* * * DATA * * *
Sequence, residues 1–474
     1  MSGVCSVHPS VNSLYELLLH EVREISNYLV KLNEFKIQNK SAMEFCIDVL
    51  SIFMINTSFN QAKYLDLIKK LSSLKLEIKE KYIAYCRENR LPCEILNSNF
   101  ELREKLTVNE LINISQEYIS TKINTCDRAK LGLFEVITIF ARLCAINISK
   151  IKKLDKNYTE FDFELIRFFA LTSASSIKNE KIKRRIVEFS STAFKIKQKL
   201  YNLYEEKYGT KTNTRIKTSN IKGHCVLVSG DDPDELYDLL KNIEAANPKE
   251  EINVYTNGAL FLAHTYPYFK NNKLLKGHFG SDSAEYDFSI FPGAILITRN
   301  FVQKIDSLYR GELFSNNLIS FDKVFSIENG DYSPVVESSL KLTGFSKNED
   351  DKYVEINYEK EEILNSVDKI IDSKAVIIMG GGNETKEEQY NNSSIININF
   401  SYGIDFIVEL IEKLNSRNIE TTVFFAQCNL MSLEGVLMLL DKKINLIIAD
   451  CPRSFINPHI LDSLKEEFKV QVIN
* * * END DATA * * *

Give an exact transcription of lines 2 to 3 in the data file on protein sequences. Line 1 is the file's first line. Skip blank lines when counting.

     1  MSGVCSVHPS VNSLYELLLH EVREISNYLV KLNEFKIQNK SAMEFCIDVL
    51  SIFMINTSFN QAKYLDLIKK LSSLKLEIKE KYIAYCRENR LPCEILNSNF